Taxpayers should not be forced to pay for subpar music students


The death of high school music programs is nigh. Sadly, funding for our high school music education is being slashed in favor of other, “more useful” programs like sports. Since 2008, 80 percent of U.S. schools have suffered budget cuts and often, music and arts programs have been the first to go, according to US News.

In the minds of budget partitioners, music is a drain on resources. However, these programs hold benefits for developing students. One study conducted at Concordia University showed that music lessons taken over a long period of time can produce positive changes in brain structure and motor skills.

Another study by Nina Krauss, a cognitive neuroscientist, found that people who receive instrumental training from their early years to the end of their high school careers tend to understand speech much quicker than those who did not. Some of these participants showed these results even if they didn’t pick up an instrument for many years after their lessons. These effects were also found to be common among world-class athletes and top-level managers. It’s unreasonable to cut funding for something that provides such numerous benefits.

It’s sad to see strong programs with numerous positive effects be thrown out the window in order to save money. Given both the dire state and bleak future of the situation, there’s only one solution to save our music programs: accept only the gifted into them.

After all, even ardent supporters of the arts like Lorenzo de Medici didn’t have millions to spend on peasants. Similarly, schools don’t have millions to waste away on students who clearly have no talent. A recent report showed that U.S. students have been scoring lower in the music and visual arts category on the Nation’s Report Card, a wide-ranging national assessment. It’s ridiculous that the government funds this type of failing program at the expense of its citizens.

Back in the Classical Era of music, major figures like Mozart and Beethoven had their talent recognized at a young age by aristocrats. These young geniuses became apprentices to well-known musicians and spent many years studying before they achieved their widespread recognition. Their abilities were allowed to blossom because they were given so many resources by the social elite. Today’s musicians can’t even hold a candle to them. We have bands like Nickelback.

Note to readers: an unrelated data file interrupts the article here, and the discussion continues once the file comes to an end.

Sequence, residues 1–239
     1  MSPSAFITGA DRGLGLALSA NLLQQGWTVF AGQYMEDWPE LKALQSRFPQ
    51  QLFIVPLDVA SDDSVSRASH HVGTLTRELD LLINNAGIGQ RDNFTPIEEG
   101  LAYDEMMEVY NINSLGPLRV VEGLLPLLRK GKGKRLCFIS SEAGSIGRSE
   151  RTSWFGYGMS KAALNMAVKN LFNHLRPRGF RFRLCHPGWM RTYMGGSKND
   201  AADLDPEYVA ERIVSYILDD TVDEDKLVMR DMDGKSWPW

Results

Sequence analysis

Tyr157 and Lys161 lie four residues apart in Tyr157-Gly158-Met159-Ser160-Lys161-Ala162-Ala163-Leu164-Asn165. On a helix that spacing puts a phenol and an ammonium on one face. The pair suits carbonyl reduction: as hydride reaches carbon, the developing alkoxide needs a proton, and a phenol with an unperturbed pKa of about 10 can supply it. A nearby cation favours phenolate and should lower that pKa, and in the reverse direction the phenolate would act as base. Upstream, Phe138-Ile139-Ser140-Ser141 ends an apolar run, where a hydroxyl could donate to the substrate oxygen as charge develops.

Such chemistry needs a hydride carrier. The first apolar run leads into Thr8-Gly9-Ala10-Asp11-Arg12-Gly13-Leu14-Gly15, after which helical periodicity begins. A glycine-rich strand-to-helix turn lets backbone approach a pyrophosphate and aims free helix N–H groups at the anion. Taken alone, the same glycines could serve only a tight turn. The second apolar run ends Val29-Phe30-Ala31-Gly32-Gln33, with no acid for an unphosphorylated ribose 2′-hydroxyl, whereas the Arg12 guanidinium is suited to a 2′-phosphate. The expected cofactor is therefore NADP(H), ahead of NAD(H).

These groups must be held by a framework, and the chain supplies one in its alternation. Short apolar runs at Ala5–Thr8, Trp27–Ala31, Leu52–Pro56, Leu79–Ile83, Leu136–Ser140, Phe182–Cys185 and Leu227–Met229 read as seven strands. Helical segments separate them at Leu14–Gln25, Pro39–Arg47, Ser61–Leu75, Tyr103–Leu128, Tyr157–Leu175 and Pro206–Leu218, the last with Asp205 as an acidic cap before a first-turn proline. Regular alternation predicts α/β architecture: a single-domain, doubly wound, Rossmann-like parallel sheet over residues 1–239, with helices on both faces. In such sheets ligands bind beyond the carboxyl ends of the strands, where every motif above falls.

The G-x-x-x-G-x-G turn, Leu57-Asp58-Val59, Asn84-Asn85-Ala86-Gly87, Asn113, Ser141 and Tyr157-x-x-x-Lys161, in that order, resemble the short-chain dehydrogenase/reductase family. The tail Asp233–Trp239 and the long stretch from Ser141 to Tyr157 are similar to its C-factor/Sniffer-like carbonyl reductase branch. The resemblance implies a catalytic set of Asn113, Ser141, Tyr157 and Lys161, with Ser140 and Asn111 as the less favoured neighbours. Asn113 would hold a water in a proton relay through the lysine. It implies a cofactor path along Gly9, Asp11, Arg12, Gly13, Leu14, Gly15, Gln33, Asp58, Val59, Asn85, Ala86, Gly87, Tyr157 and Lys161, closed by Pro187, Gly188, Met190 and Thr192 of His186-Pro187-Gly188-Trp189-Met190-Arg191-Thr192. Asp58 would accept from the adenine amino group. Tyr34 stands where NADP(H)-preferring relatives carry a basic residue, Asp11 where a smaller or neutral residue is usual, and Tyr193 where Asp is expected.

But even if we accepted only the talented few into the musical ranks, there still wouldn’t be enough money to go around. Donations and bake sales won’t cut it. If we are to create great music programs, we need to reduce costs. We need to make our own music.

By composing our own music, we cut the costs of sheet music entirely. According to J.W. Pepper, the largest sheet music provider in the world, the average choral arrangement costs up to $2 per copy. For band arrangements, $45 a copy. If we just write our own music, funding wouldn’t be an issue! Only the most talented musicians would be able to write the music that they perform. It’s also obviously the easiest way to determine a potential student’s musical merit. Composing any form of music is often difficult, and can only be done by the most skilled at the high school level. An effective way to implement this is to ask people who are auditioning for one of the many music programs to compose a simple song, right there, on the spot. Since this can only be done by those with high merit, we would only accept them into the program. We get the best of the best and we eliminate the need to pay for music.

Some people are under the false assumption that music programs exist solely to provide an enriching experience, but this is idealistic for our current situation. If students are looking for an open and enriching program, they should go play sports, which are better funded. According to the National Association of Music Merchants, the average cost for a high schooler’s music education is $143. But according to the IRS, the non-profit sports industry is worth $5 billion. Since funds are so low for music education, once again, it’s pointless to waste it.

I confess that I am not among these gifted elite to provide the world the genius it needs, or to provide the taxpayers their money’s worth. But because of my love for music programs, I formed this plan. I desire not to prevent people from pursuing their passions, but instead wish to do the best with what little resources we have. It’s either this or improve funding.